They already tracked down carbon dioxide and methane in Berlin, Paris, and Tokyo: Climate researchers of Karlsruhe Institute of Technology (KIT) developed a mobile measuring station that can be used to detect local sources of green house gas. In the future, their data will help devise measures that limit climate change and reduce emissions systematically. The researchers will present their method at the Week of the Environment that is organized by the Federal President’s Office and the German Federal Environmental Foundation (DBU) on June 7 and 8 at Bellevue Palace in Berlin.
Researchers at the Institute of Meteorology and Climate Research (IMK) developed the portable station, a Fourier spectrometer, in cooperation with Bruker Optik GmbH from Ettlingen. “This Fourier spectrometer allows us to measure the gas content indirectly through the sunlight instead of locally: As greenhouse gases hinder the transport of thermal radiation in the atmosphere, the station can determine the gas concentration by measuring the remaining radiation with an unrivaled accuracy,” Frank Hase from IMK explains. This way, the measurements also allow statements about the sources and sinks of green house gas (GHG). Ecosystems that absorb more GHG than they emit are referred to as greenhouse gas sinks.
In 2014, Berlin saw the first successful application of the new method: By using five spectrometers distributed over the city, the researchers were able to measure both the increased values in the city plume and the background concentration, i.e. the quantity of greenhouse gases already accumulated in the surrounding air. The actual emission levels of carbon dioxide and methane could be calculated from the respective differences. Last year, measurements were conducted in Paris and, very recently, in Tokyo. Such data could be of considerable help when developing measures to limit climate change and reduce emissions systematically.
With their method, the researchers were also able to detect methane released by fracking in the US state of Colorado. Concentrations of carbon dioxide and methane as a function of latitude were studied by scientists under the leadership of André Butz on the German Polarstern research vessel during a journey from Capetown to Bremerhaven. The dataset obtained from these measurements made it possible to further refine the global GHG emissions model showing their worldwide distribution.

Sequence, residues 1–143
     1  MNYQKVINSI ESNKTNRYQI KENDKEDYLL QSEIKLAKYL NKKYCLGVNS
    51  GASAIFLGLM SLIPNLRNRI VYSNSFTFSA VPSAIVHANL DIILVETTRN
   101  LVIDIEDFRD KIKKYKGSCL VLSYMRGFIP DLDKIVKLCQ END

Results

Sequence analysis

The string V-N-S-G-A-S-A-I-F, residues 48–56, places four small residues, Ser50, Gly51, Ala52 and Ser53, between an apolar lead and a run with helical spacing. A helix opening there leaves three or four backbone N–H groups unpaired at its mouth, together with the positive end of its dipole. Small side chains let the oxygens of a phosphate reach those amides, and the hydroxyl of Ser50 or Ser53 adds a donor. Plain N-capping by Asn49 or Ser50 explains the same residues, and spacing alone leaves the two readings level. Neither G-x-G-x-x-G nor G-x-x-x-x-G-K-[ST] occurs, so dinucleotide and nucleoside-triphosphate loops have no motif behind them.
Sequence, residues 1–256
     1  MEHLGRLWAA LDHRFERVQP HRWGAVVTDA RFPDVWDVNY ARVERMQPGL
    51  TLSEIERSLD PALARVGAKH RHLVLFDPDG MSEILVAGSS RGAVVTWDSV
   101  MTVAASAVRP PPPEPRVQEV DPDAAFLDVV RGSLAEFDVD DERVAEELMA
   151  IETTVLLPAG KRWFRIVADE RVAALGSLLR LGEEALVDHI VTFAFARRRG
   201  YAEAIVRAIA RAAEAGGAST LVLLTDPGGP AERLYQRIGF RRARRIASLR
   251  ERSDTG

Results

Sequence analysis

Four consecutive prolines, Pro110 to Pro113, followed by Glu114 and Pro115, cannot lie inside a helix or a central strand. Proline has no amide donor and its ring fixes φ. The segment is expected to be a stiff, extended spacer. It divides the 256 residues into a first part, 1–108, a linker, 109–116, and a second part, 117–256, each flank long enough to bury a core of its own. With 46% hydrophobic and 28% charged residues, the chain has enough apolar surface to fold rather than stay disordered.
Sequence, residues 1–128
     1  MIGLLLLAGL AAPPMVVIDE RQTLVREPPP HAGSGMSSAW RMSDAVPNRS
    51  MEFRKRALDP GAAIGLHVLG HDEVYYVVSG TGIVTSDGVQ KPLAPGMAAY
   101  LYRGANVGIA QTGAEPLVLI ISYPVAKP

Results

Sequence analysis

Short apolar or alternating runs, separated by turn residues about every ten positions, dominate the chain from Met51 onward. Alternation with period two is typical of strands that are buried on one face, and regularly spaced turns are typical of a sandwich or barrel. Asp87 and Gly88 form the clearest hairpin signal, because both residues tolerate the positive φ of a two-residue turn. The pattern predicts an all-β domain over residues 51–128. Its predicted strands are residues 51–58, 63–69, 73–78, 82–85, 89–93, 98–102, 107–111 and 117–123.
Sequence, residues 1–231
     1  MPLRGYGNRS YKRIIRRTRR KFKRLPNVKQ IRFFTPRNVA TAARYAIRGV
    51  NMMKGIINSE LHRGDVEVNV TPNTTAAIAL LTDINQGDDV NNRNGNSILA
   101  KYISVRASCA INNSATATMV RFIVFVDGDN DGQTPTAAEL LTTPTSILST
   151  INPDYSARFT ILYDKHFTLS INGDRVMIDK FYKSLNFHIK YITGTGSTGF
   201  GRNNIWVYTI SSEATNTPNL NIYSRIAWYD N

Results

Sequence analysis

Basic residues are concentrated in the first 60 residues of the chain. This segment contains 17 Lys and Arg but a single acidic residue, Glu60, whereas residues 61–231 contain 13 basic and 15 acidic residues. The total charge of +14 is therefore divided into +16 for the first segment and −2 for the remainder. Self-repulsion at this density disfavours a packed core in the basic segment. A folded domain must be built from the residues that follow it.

This year’s Week of the Environment is already the fifth edition of this event organized in the park of the Federal President’s office in Berlin since 2002. This year, 190 teams from all over Germany – selected from more than 600 – will present their environmental protection projects. Besides the exhibition, the event involves a framework program consisting of lectures and discussions, featuring top representatives from politics, business, science, and society.
For more information, please visit: www.woche-der-umwelt.de
More information on the KIT Climate and Environment Center: http://www.klima-umwelt.kit.edu
Being “The Research University in the Helmholtz Association”, KIT creates and imparts knowledge for the society and the environment. It is the objective to make significant contributions to the global challenges in the fields of energy, mobility, and information. For this, about 9,300 employees cooperate in a broad range of disciplines in natural sciences, engineering sciences, economics, and the humanities and social sciences. KIT prepares its 24,400 students for responsible tasks in society, industry, and science by offering research-based study programs. Innovation efforts at KIT build a bridge between important scientific findings and their application for the benefit of society, economic prosperity, and the preservation of our natural basis of life. KIT is one of the German universities of excellence.